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Atlanta International to open immersion pre-school
by Caroline Young
cyoung@neighbornewspapers.com
August 08, 2012 10:17 AM | 2114 views | 0 0 comments | 21 21 recommendations | email to a friend | print
Staff / Nathan Self <br>
Headmaster of the Atlanta International School, Kevin Glass, and his daughter Lily, 4, left, and Atlanta International alum, Veronica Plaut McDaniel with daughter Lana, 3, take a seat in the outdoor learning area of the new Early Learning Center at the Atlanta International School.
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Imagine a child being bilingual before his or her 4th birthday.

Come Aug. 21, Atlanta International School in Buckhead will open its new doors to 3-, 4- and 5-year-olds ready to learn German, Spanish or French.

“The idea began with the foundation of the school 26 years ago,” said Kevin Glass, the school’s headmaster. “The school has been undergoing phenomenal growth and in the last couple of years, we’ve basically had the time and space in this growth curve to be able to put our energies into the youngest learners.”

The Early Learning Center can hold about 130 children and eight teachers, and will be divided up into a “3K program” for 3- and 4-year-olds and a “4K program” for 4- and 5-year-olds.

Glass described the center to have a “residential, home-away-from-home feeling” with bright lights and natural tones.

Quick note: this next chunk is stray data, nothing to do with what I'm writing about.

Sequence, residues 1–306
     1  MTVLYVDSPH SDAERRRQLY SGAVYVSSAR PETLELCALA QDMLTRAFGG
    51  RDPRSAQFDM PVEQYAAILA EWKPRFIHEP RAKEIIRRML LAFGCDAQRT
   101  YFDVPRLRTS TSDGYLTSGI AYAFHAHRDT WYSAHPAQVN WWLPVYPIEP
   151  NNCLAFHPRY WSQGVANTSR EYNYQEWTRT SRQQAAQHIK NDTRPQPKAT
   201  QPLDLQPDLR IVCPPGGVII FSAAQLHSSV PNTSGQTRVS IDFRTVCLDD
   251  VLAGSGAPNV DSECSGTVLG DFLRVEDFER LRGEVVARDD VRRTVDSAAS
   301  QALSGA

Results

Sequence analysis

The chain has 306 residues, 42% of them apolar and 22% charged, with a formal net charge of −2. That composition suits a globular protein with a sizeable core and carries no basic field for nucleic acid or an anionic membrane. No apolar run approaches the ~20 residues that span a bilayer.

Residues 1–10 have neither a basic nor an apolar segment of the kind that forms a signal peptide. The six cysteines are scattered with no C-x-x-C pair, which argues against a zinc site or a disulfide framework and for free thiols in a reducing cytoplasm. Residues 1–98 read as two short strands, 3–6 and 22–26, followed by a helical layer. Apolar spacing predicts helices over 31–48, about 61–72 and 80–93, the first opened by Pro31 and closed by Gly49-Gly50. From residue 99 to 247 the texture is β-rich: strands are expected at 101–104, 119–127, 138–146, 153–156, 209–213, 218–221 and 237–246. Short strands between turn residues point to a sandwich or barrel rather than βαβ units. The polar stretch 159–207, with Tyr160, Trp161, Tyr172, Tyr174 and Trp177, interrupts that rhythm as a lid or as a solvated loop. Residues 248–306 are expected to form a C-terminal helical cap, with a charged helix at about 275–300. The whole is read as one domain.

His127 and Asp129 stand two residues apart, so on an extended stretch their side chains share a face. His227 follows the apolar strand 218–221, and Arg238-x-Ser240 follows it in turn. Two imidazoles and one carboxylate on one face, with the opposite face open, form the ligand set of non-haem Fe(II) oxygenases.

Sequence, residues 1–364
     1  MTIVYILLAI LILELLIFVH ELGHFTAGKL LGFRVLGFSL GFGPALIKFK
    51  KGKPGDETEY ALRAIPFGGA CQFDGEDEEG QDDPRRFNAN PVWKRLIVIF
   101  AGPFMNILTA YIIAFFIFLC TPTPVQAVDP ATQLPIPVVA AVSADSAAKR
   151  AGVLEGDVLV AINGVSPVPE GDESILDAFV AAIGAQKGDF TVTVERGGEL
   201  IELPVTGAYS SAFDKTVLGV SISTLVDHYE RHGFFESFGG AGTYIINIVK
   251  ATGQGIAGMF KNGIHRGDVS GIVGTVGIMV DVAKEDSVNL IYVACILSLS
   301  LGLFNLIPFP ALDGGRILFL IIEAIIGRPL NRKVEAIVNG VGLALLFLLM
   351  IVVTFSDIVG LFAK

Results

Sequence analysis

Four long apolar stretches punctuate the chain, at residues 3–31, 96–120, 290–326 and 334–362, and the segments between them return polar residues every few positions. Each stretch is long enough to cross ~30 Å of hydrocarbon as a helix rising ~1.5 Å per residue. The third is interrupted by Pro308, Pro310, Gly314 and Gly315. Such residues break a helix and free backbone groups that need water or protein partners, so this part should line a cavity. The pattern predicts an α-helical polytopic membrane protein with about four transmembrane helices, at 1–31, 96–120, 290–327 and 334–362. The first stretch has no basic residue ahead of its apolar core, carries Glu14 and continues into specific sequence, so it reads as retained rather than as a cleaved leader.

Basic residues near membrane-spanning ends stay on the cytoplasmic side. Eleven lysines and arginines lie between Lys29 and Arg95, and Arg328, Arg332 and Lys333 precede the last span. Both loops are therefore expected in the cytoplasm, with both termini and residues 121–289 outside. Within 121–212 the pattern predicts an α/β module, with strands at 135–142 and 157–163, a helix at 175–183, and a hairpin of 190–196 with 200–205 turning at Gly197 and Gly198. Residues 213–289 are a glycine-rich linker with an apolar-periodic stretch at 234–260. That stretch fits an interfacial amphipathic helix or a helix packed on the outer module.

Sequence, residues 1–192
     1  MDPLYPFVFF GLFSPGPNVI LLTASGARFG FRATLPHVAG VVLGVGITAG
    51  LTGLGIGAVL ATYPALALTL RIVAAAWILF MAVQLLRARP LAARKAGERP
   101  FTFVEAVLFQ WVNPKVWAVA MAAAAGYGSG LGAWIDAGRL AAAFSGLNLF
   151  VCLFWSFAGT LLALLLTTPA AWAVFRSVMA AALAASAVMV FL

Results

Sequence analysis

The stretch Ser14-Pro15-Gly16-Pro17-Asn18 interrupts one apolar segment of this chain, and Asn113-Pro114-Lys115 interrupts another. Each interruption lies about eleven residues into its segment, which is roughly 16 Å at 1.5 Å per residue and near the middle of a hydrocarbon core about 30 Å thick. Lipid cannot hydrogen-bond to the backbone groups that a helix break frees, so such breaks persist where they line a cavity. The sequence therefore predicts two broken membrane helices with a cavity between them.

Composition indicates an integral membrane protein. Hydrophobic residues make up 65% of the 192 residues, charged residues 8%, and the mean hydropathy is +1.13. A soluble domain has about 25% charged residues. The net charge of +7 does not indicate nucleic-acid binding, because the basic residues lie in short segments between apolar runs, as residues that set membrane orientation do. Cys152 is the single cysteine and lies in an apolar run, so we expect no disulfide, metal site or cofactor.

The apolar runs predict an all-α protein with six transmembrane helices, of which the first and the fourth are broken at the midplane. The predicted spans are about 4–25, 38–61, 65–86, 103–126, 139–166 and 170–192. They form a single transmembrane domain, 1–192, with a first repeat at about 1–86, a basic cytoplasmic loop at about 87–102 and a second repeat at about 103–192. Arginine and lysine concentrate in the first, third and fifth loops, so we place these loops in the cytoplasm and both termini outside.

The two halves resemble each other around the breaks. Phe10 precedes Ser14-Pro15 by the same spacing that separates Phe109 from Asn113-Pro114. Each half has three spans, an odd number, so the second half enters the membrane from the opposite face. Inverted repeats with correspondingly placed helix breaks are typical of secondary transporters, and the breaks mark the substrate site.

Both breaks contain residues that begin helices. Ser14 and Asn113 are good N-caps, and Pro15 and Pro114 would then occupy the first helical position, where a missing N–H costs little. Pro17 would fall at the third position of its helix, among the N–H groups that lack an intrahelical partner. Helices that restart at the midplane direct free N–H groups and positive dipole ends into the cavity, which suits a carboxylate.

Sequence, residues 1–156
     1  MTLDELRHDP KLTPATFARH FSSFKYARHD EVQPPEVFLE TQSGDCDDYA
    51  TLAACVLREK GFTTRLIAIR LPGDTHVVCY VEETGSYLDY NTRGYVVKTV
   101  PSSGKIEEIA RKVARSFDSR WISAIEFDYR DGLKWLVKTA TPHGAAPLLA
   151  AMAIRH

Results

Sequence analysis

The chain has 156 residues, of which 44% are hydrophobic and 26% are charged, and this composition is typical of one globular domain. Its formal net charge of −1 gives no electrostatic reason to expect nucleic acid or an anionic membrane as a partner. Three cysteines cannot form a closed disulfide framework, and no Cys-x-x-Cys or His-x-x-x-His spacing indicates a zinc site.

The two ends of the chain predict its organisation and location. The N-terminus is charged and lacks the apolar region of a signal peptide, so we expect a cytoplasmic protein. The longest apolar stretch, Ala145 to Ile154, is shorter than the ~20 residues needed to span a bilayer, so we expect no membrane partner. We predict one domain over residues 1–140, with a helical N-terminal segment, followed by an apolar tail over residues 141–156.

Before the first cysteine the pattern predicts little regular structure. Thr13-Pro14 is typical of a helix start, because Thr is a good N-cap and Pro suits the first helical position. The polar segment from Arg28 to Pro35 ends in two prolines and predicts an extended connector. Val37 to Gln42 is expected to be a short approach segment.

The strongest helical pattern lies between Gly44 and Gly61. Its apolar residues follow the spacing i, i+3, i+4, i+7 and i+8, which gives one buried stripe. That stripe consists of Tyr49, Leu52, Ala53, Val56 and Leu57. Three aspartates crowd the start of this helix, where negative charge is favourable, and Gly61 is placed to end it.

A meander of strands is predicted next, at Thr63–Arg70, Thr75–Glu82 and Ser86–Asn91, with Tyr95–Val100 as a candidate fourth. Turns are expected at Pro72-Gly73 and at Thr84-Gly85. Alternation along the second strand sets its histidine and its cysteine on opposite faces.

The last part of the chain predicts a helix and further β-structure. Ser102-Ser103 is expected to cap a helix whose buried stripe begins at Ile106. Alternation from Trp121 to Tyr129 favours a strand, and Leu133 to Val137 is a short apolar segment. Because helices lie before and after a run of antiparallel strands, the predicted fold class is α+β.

“It is designed around a horseshoe [shape]. The classrooms are in the core arcs of the horseshoe and spill out into the courtyard gardens,” he said. “We wanted to have the indoor classrooms contiguous with outdoor garden classroom spaces.”

Glass said the center has a “full language-immersion, inquiry-based” program, and students will be operating entirely in the language of choice within a few weeks.

“We know from research and common sense that the younger you start with a really good program that’s based on inquiry and experiential education and wonderment and harnessing that curiosity that’s at the heart of every child, the better it is for their brain development, intellectual development and gross and motor skill development,” he said.

Glass said the students will automatically and subconsciously look at every problem or concept through two different languages.

Director of Admissions Reid Mizell was a founding board member and parent of the school. Her daughter Callie was in first grade when the school started and is now a veterinarian.

Mizell said the school’s faculty believes language is a “gateway to culture” and goes hand-in-hand with its overall vision.

“Part of our mission in our school is [to] grow young people who can contribute to the world,” she said. “We think having a perspective that allows you a level of comfort in multiple cultures is important.”

The center’s students will be immersed 100 percent in the “target language” to prepare them for the “dual-language program,” which runs from 5K to fifth grade when the kids switch between “English days” and “Spanish days,” according to Dusty Fretwell, head of the lower primary school.

“The earlier they can start that foundation and have more time acquiring the language, the better equipped they will be,” Fretwell said. “They will have a much stronger knowledge and capacity to work in that language. … It’s keeping connections alive that may otherwise close up.”

Glass said the school will have about 1,100 students ages 3 to 18 enrolled for the 2012-13 school year.

His 4-year-old daughter Lillian will begin her first year at the school immersed in German.

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